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Title: Optimal Transportation in the Inference of Finite Mixture Models
Abstract: Finite mixture models are widely used to model data that exhibit heterogeneity. They are also used to approximate density functions of various shapes. The learning of the model is the most fundamental task. In this thesis, we 1) investigate the learning of the finite location-scale mixtures where the maximum likelihood estimate (MLE) is not well defined; 2) develop novel procedures for distributed learning of finite mixtures; and 3) apply mixture models to approximate inference in graphical models and develop algorithms to make the inference tractable. We find the transportation divergence, which is a byproduct of the optimal transportation theory, is useful for these problems.
We study the minimum Wasserstein distance estimator (MWDE) to learn the finite location-scale mixtures. We show that the MWDE is well defined and consistent. Simulation study shows it suffers some efficiency loss against a penalized version of MLE in general without noticeable gain in robustness. The MWDE is also computationally more expensive than the penalized MLE.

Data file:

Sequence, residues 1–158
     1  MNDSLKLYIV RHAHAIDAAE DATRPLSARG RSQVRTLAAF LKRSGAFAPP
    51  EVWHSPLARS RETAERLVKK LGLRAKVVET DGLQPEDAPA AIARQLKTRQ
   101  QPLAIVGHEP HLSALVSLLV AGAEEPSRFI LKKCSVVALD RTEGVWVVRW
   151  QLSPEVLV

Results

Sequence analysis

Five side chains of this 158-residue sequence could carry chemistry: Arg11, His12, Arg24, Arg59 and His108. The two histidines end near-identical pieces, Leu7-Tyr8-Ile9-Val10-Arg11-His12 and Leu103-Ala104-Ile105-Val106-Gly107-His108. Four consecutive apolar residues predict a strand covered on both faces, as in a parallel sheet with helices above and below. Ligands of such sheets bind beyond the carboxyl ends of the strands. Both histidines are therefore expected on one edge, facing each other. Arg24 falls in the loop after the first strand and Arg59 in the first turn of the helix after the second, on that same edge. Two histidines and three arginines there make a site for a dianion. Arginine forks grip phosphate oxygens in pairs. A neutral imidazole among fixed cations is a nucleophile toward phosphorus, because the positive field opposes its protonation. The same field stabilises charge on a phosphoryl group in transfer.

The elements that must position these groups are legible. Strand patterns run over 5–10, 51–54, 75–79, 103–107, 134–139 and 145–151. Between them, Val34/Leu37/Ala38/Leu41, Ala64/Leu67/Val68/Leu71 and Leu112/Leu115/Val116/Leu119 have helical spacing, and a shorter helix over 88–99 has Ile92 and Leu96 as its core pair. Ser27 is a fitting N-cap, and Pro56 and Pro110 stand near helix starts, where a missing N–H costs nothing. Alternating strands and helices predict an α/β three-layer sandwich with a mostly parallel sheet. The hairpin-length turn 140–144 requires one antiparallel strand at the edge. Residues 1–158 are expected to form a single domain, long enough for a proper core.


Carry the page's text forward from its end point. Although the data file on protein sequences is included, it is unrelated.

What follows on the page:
Under finite mixture models, the general split-and-conquer approach for the distributed learning cannot be directly used, since the parameter space is non-Euclidean. We develop a novel split-and-conquer approach. We show that the estimator is root-n-consistent under some general conditions. Experiments show that the proposed approach has comparable statistical performance to the global estimator based on the full dataset, if the latter is feasible. It can even outperform the global estimator if the model assumption does not match the real-world data. It also has better statistical and computational performance than existing methods.
When mixtures are used in graphical models to approximate density functions, the order of the mixture increases exponentially due to recursive procedures and the inference becomes intractable. One way to make the inference tractable is to approximate the mixture by one with lower order. We propose to approximate by minimizing the composite transportation divergence (CTD) between two mixtures. The optimization problem can be solved by a majorization maximization algorithm. We show that many existing approaches are special cases of our approach. We further show that the performance of some existing algorithms can be further improved by choosing various cost functions in the CTD.